The Supreme Court of the Lone Star State doesn't often make rulings that favor class action treatment of claims. But last week it did.

The case arose in Williamson County — home of a District Attorney who fought DNA testing for an innocent man who spent 25 years in prison for killing his wife. The petition charged the County with violating the constitutional rights of poor people who face charges of minor crimes (1) to legal counsel at the County's expense, (2) to represent themselves, and (3) to "open courts". It also sought class treatment of the claims.

The district court denied the County's plea to the jurisdiction (a Texas-style motion to dismiss), but the court of appeals reversed. The latter held that, because none of the plaintiffs alleged all three claims, none of them had standing to bring the case on a class-action basis.

The Supreme Court upheld the district court's ruling and sent the case back. In doing so, the 9-0 Court cut through a slew of complaints about why the case didn't belong in a civil court. These included the gripe that each plaintiff in a class action must have standing to bring all claims in the petition — a problem that the Court resolved by saying the trial court could create a subclass for each claim or group of claims. Blawgletter will allow you, Gentle Reader, to sort out the other details. Heckman v. Williamson County, No. 10-0671 (Tex. June 8, 2012).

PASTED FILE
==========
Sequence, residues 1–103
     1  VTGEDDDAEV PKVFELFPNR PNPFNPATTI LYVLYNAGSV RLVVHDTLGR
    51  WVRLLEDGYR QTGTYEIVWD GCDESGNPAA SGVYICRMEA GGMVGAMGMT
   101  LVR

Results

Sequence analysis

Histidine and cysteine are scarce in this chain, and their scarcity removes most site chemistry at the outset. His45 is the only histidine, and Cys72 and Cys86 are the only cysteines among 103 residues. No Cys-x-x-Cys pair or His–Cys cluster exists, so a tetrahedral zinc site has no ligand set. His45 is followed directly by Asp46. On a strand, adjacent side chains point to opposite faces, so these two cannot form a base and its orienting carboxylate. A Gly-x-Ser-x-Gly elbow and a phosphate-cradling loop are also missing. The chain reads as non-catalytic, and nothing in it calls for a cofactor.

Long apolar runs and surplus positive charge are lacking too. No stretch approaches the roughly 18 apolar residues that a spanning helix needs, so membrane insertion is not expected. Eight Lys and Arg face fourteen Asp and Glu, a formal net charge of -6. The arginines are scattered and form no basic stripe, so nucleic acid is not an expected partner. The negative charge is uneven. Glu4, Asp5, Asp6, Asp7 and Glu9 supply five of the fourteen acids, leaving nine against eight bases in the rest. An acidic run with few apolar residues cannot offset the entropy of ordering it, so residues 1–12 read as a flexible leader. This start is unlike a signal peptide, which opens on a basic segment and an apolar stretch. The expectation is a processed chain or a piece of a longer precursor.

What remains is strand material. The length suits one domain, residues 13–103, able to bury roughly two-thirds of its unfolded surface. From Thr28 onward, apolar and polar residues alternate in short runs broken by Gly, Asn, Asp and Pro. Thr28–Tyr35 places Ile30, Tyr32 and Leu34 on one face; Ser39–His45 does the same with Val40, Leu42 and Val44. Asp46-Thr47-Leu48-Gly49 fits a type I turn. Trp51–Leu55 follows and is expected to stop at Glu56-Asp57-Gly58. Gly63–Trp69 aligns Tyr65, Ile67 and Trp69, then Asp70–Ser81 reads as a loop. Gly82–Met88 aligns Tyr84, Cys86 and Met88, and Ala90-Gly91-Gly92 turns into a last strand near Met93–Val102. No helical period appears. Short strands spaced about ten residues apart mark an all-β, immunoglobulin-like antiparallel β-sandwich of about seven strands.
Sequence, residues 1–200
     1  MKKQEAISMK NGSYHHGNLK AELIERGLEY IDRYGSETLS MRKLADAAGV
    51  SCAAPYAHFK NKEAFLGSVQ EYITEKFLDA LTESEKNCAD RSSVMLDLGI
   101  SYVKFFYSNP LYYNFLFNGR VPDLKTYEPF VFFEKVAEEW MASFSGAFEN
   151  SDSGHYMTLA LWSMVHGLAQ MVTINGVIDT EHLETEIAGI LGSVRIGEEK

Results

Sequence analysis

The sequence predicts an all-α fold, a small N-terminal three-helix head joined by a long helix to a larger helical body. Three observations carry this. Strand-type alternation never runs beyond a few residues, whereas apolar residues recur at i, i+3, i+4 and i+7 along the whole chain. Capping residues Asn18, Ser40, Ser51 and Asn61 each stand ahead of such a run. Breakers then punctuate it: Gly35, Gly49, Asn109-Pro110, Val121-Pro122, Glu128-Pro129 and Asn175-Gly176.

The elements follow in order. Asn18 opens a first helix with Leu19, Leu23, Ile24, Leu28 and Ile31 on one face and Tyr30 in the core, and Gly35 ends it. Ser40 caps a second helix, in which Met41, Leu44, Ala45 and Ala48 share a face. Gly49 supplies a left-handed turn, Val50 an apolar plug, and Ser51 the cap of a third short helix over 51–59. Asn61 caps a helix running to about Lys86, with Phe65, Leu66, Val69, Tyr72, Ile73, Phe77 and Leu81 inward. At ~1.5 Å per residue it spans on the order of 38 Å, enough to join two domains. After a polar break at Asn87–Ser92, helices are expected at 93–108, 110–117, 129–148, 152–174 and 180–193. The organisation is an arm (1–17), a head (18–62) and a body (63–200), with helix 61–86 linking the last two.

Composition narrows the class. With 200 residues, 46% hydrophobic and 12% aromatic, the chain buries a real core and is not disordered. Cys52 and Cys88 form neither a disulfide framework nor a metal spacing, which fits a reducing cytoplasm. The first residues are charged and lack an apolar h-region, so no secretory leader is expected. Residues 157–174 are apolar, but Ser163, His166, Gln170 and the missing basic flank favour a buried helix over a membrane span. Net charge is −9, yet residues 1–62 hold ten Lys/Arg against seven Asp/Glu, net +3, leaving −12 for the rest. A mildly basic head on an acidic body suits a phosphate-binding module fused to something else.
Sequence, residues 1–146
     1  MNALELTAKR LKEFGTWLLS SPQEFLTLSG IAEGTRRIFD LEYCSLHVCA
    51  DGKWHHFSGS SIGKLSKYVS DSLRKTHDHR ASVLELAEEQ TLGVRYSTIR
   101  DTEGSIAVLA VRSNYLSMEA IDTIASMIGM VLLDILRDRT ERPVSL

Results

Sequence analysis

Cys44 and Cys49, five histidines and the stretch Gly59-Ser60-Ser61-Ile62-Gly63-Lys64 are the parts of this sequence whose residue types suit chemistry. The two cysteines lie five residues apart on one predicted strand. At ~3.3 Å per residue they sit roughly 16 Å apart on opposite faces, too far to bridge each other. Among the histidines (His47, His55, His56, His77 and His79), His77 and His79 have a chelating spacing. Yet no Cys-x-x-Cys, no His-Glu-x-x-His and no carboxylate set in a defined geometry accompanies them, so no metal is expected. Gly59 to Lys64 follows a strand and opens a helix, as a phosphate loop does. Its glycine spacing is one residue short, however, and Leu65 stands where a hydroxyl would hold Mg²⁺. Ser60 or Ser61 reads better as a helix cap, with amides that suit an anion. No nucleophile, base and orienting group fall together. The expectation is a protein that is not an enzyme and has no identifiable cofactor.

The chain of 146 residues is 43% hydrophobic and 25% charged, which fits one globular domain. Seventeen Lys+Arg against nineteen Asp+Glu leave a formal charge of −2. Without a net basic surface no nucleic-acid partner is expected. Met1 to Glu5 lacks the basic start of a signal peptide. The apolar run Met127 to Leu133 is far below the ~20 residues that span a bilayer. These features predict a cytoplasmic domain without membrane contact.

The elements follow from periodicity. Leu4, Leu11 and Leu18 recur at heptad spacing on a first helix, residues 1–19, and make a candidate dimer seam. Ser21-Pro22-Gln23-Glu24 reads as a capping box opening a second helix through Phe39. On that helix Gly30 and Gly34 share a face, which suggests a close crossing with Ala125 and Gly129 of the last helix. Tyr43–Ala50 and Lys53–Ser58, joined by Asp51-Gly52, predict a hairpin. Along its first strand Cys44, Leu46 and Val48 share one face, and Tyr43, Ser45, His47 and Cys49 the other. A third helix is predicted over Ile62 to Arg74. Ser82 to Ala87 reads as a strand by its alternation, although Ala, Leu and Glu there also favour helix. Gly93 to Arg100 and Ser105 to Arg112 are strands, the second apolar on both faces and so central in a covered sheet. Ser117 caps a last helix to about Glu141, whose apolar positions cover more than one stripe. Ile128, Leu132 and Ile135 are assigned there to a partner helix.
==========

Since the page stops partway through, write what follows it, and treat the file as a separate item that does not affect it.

We mention the case mainly because it might, just might, mark a small start of a modest turn a little bit towards a rediscovery of the important role class actions can play in civil disputes.

The District Attorney, by the way, lost his bid for re-election in the May primary, which the County's County Attorney won.